No one responded so the couple asked me for my advice. I contacted Rich Allen, customer service coordinator in East Haven, who conceded that the letter did not reach the president. But he quickly reacted, apologized to the Logans for their experience, and offered them a refund much larger than is provided by the firm’s warranty.

Frankly, I think the Logans are still so furious that they won’t be back to Town Fair, but I would recommend the company to anyone that asked.

You can reach The Watchdog at George@connecticutwatchdog.com and he will answer as many emails as he can. Please check out his site, www.ctwatchdog.com for comprehensive consumer, health, finance, media, internet, computer, travel and education tips.

George Gombossy can be reached at george@connecticutwatchdog.com or you can send him a letter at Connecticut Watchdog, PO Box 23, East Longmeadow, Ma., 01028.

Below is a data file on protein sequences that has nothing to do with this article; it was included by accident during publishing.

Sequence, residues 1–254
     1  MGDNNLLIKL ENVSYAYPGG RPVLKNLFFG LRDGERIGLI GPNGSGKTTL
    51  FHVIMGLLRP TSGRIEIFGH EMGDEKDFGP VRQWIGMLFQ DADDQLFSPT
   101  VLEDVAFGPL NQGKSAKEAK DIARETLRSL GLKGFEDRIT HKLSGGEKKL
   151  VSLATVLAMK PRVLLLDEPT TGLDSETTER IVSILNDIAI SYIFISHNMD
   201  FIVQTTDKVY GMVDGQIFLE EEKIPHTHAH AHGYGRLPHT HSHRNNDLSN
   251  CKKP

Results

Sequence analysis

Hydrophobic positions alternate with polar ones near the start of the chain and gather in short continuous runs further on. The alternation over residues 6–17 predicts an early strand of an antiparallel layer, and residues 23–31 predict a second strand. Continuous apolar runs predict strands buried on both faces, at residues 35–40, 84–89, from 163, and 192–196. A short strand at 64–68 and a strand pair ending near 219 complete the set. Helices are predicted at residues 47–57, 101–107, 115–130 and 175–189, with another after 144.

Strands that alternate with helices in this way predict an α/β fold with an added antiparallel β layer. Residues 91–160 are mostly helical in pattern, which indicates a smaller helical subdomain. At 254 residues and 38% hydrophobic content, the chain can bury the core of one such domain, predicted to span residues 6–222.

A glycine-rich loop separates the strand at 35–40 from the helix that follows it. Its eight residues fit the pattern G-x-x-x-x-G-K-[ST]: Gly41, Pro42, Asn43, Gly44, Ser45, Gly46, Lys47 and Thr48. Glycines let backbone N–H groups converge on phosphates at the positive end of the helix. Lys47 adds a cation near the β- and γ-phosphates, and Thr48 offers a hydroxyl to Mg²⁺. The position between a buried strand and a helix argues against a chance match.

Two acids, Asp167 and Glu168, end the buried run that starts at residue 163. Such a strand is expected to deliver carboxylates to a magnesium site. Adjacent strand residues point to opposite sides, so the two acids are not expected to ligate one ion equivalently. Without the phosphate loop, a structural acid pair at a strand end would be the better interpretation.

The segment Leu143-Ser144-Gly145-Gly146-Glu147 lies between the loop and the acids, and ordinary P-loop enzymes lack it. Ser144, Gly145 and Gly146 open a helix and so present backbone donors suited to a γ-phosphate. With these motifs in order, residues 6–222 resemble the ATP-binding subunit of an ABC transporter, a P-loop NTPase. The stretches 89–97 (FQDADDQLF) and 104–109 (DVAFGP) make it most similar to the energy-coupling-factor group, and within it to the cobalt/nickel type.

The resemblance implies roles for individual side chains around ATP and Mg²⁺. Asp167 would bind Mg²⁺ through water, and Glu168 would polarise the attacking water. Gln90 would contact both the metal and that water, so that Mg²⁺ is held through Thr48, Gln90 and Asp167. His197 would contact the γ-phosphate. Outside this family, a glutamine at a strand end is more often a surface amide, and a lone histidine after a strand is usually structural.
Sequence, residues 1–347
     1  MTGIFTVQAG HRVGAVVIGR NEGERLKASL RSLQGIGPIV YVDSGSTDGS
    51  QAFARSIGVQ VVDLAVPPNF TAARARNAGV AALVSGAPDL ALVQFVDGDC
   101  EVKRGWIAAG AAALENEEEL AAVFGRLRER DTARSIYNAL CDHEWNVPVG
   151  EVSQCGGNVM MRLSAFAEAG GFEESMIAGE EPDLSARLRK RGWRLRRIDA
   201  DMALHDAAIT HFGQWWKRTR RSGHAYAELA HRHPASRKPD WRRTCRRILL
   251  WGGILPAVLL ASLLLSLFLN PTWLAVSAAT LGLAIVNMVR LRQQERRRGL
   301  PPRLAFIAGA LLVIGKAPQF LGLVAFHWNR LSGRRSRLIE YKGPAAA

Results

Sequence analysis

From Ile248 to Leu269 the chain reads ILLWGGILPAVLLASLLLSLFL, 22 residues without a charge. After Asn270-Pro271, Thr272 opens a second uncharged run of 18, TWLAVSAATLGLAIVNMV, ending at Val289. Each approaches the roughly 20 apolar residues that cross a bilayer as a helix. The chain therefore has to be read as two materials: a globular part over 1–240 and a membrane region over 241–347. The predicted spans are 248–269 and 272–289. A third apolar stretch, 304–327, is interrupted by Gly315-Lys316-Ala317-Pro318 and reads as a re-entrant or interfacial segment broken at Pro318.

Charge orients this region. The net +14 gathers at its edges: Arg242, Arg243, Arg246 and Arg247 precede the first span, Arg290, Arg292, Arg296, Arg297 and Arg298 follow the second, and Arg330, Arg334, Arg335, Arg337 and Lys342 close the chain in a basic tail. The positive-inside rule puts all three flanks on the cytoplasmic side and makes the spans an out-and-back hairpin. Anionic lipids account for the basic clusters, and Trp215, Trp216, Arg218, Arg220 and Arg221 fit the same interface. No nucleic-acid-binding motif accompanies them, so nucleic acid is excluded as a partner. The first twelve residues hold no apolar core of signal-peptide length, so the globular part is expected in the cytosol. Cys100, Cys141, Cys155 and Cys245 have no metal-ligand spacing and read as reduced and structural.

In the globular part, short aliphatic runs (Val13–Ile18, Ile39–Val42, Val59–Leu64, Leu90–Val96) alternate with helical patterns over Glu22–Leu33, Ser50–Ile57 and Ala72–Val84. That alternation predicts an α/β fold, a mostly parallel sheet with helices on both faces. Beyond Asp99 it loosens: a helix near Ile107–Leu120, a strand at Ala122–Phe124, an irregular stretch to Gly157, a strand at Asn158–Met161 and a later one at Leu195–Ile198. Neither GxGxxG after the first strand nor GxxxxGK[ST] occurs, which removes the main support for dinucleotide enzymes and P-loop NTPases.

He will respond to as many inquiries and complaints as time permits. Please check out ctWatchdog.com for other consumer, health and finance tips.

West Hartford Trash and Recyclables Pickup Delayed One Day

From a press release:

The collection of trash and recyclables will be delayed one day during the week of September 6th due to the Labor Day holiday. Monday’s collection route will be picked up on Tuesday, Tuesday route will be picked up on Wednesday, and so on. Be sure to put your automated containers at the curb by 6 AM.

Personal Finance: The Need for Power of Attorney

By: Marc Sack, Northstar Wealth Partners

With more Americans living into fragility, POAs and other advanced directives are becoming more important.

The point of the POA. A Power of Attorney is a legal instrument that delegates an individual’s legal authority to another person. If an individual is incapacitated or mentally incompetent, the POA assigns a trusted party to make decisions on his or her behalf.